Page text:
Bring instant coffee and tea yourself, a small espresso will run you about $8 - $10 and the service is quite slow - so just be prepared. I got some single serve packets of chai latte and just had that most mornings - it was PERFECT, especially when I would wake up so early from being jet lagged and most coffee places don't open til mid morning here.
There are free walking tours available in Dubrovnik if you are wanting a bit more depth and meaning to your visit, or just take a gander at my articles (see below) and read up before you go.
To Get from Dubrovnik to Split
In order to get to Split from Dubrovnik, you previously had to cross the Montenegro border. There is now a bridge that connects Dubrovnik to the rest of Croatia so you don’t have to cross the border any longer only the bridge.
If there is a major storm and you don’t want to cross the bridge, or you are renting a car they the long way to Split will require a border crossing. This means that if you are going in a car (rental car or a tour), you have to have a green insurance card in order to enter for the short trip across the country of Montenegro. Then re-enter Croatia to get to Split. The time at border crossings, depending on traffic can range anywhere from 10 minutes to 4 hours per border.
An easier way to get to Split and avoid the traffic is to take a catamaran (more environmentally friendly) and island hop on your way up to Split.
Dress Modestly, Or Get A $150 Fine
There are a lot of conservative people who live in Dubrovnik, many are deeply religious. It doesn’t matter if you agree with the customs or not - you are a visitor so follow the rule of modesty when visiting. If you are caught walking the streets in swimming suits then you may catch yourself with a fine anywhere from $150 to $180.
Book in Advance & Cruise Ship Cloggings
Dubrovnik is a HIGHLY popular place to visit, not just for tourists, and Game of Thrones fans, but also for cruise ships. When those ships roll in with 5,000-7,000 passengers, you DO NOT want to find yourself on the Stradun (main walkway) or the City Walls. Opt for something different and off the beaten path.
Additionally, make sure you book in advance, and you look carefully at the number of stairs you will need to climb in order to reach your accommodation. Mount Srd (across from the city) is where a lot of the cheaper accommodation is, however, the stairs to your accommodation can be anywhere from 50 to 850 stairs. The accommodations within the city book up sometimes 6 months in advance, especially the good ones, so book as far in advance as you can.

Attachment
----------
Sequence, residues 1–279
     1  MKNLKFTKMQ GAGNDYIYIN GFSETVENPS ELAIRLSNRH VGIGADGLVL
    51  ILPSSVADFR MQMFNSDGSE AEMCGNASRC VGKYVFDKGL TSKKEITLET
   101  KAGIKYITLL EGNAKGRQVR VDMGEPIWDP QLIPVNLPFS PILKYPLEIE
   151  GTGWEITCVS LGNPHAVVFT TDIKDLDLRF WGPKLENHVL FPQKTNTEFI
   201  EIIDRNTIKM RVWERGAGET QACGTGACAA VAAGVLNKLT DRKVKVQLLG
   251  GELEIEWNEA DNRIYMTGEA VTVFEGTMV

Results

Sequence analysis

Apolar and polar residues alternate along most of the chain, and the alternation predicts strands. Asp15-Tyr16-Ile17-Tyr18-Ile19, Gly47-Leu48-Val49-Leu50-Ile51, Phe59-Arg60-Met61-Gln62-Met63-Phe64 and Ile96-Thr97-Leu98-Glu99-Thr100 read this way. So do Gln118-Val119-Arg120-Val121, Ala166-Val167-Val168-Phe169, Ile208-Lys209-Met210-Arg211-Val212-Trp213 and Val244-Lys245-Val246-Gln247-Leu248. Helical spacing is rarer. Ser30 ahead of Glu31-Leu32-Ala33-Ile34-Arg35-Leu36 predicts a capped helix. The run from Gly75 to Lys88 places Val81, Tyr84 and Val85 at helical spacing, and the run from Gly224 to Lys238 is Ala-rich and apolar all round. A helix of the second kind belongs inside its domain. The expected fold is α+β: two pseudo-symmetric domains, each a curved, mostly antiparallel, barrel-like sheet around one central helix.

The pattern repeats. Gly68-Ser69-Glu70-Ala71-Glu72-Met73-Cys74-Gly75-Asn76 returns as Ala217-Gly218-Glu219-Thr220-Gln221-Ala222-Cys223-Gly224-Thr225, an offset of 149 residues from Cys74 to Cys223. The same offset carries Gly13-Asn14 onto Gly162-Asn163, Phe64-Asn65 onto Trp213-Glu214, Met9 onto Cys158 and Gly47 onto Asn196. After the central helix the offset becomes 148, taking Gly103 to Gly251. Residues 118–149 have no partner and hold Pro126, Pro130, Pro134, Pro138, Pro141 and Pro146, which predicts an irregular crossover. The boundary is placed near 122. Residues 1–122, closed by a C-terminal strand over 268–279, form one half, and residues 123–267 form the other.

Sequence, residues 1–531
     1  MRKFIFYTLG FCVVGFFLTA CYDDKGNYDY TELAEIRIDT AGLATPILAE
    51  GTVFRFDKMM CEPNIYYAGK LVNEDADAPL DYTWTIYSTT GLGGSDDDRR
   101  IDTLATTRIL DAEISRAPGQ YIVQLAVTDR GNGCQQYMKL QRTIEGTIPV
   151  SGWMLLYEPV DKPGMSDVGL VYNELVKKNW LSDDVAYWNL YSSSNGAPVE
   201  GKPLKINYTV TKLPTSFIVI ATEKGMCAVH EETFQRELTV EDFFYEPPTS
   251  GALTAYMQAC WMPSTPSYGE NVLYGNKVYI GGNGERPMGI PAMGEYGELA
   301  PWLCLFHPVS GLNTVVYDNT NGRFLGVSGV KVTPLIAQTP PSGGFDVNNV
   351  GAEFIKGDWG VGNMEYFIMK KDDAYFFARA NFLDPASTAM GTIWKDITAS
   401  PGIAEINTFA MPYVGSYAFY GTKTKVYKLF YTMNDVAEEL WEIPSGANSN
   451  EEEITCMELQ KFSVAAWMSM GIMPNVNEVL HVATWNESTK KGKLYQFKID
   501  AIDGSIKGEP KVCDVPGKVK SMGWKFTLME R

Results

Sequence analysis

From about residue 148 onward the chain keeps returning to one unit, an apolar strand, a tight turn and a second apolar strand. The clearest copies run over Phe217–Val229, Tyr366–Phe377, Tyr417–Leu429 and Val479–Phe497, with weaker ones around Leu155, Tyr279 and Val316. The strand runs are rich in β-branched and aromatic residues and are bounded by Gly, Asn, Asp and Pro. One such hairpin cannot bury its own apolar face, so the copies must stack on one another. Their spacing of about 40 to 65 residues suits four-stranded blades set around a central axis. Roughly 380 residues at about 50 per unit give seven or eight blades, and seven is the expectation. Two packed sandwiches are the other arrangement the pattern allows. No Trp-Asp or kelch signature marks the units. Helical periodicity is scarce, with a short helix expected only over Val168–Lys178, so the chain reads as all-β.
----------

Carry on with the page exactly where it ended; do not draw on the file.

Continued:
Eating Is Expensive In Dubrovnik
Eating on the main thoroughfares can be extraordinarily expensive, think New York restaurant prices. Even a cup of coffee can be anywhere from $8 to $10 (for a small espresso). My advice is to go up some of the side streets and eat there, book in advance. There aren’t street vendors with cheap eats here like there are in New York either.
You can try Pemo Market right off of the Stradun, however, from reviews it seems the locals get a little agitated that tourists come and gobble up the resources meant for locals. Vehicles cannot come into the city walls, so all of the food in the market is brought in by manual labor. Be conscientious and try to walk outside the city walls to get your supplies should you choose to opt for making your own meals in your accommodation.
I would, instead, head to Pemo Market near Loverjenac Fortress just outside the city walls on the West side of the city. You can also try Studenac Market on the east side of the city near the Modern Art Museum. Most of the grocery stores do not close until 10 pm.
There Is NO PARKING
While there may be a few spots, those are often taken up quickly by locals needing to get to work. There is a great bus system in Dubrovnik, and if you get the Dubrovnik Pass it is included in the price. There is a single land road that leads into town. You don’t need a car within the city walls because you can walk the Stradun from one end of the city to the other within 15 minutes.